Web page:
Men’s Health Week – 10 Practical steps men can take to look after their wellbeing

In England 1 in every 8 men has a mental health problem such as depression, anxiety, panic disorder or obsessive compulsive disorder. Men aged 45-49 also had the highest suicide rate in England and Wales in 2019.

Men’s Health Week (14-21st June) aims to raise awareness of the health issues that affect men disproportionately and focuses on getting men to become more aware of health problems they may have and gain the courage to do something about it.

Gender stereotypes mean men are often expected to be strong, dominant and in control. While these aren’t inherently bad things, they can make it harder for men to reach out for help.

If you’re concerned and you recognise you are developing an issue, do try to talk to your GP. It can be daunting, but most people find that speaking to their GP and getting help and support can make a big difference.

As well as speaking to your GP, we have listed some simple tips on looking after your own wellbeing that can be a great place to start.

10 practical steps men can take to improve their health and wellbeing

1. Get talking. Speaking about your feelings is a big first step and can help you find a solution, or at least release some of the pressure you are under. If you don’t think you can discuss the problem with anyone you know, you can call a confidential telephone counselling service. If you work or have worked in the wider print industry, you can register for our helpline for free, or anyone can call the Samaritans on 115 123.

2. Keep active. Regular physical activity can increase our self-esteem and can reduce stress and anxiety. It also plays a role in preventing the development of mental health problems and in improving the quality of life of people experiencing mental health problems.

3. Eat well. Our brain needs a mix of nutrients in order to stay healthy and function well, just like the other organs in your body. A diet that’s good for your physical health is also good for your mental wellbeing.

4. Drink sensibly. Regular, heavy drinking interferes with chemicals in the brain that are vital for good mental health. It’s very typical to reach for alcohol when you are feeling low, but in the long run alcohol can contribute to feelings of depression and anxiety, and make stress harder to deal with.

5. Connect with people. Keeping in touch with people, whether it’s face to face, telephone or video call can really boost your mood. You don’t have to wait for a reason to contact someone, just saying hello is enough.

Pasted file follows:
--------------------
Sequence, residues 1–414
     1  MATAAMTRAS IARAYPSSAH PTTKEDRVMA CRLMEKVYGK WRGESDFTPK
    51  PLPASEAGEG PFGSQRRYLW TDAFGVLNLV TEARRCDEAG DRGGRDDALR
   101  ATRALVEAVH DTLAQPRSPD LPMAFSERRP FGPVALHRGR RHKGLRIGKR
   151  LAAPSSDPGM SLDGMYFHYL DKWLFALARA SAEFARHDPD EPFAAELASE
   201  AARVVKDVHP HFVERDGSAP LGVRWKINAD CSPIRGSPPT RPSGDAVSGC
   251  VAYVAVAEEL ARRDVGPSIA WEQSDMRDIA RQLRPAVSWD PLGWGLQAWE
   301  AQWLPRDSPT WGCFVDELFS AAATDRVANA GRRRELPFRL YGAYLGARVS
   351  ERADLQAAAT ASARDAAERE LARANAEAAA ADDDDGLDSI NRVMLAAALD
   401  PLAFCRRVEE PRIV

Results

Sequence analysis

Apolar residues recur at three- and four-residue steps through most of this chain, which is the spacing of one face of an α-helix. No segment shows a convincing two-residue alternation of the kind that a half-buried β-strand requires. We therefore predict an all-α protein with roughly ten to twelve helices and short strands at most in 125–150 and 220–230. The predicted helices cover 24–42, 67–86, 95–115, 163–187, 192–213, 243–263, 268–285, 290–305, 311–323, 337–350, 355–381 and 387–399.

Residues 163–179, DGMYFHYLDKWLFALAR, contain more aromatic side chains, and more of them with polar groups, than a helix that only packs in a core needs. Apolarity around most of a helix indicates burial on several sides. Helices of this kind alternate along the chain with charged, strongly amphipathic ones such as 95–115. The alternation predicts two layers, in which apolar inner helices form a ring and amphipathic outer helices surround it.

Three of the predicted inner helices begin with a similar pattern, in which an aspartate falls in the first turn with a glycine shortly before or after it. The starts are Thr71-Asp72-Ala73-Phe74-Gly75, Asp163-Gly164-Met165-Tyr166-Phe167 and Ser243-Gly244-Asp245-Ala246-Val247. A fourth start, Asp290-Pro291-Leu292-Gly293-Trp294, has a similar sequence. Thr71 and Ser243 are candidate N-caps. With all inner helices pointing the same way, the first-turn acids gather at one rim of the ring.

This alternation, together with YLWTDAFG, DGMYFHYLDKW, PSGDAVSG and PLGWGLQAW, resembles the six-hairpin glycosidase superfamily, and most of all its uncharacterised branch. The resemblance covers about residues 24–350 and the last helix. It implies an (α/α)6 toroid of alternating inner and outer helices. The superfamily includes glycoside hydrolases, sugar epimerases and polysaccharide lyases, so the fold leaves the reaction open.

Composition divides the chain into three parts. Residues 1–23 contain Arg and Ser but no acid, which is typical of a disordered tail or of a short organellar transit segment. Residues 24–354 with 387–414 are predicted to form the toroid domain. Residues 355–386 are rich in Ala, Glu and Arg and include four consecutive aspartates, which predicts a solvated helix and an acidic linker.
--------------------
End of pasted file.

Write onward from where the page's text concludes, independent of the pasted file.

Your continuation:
6. Take a break. A change of scene or a change of pace is good for your health and wellbeing. It could be a five-minute pause from a half-hour lunch break at work, or a weekend exploring somewhere new. Allowing yourself some ‘me time’ is not being selfish, it’s prioritising your own health and mental wellbeing.

7. Do an activity. Finding something you enjoy can provide a great sense of purpose. It can be anything; from painting to football, joining a Men’s Shed or dancing the Tango. Try some new activities out and see where it takes you.

8. Improve your self esteem. How you feel about yourself has a huge effect on your health and wellbeing. Men’s Health Forum has supplied some brilliant tips that can help to boost your self esteem, because you need to be a good friend to yourself too.

9. Care for others. Caring for others is a great way to build relationships and make you feel needed. How can you help those around you? If you need some ideas, how about searching for volunteering opportunities near you.

10. Join the CAN DO Challenge. Get motivated to make positive changes by joining in with the CAN DO Challenge. Try a new wellbeing action every day during Men’s Health Week and see what other men are doing too. You can do it!

Get in touch

If you, or someone you know needs support, or you’d like to know more about our free, confidential helpline, please don’t hesitate to get in touch.

To find out more give us a call on 01293 542 820
or click the button below.

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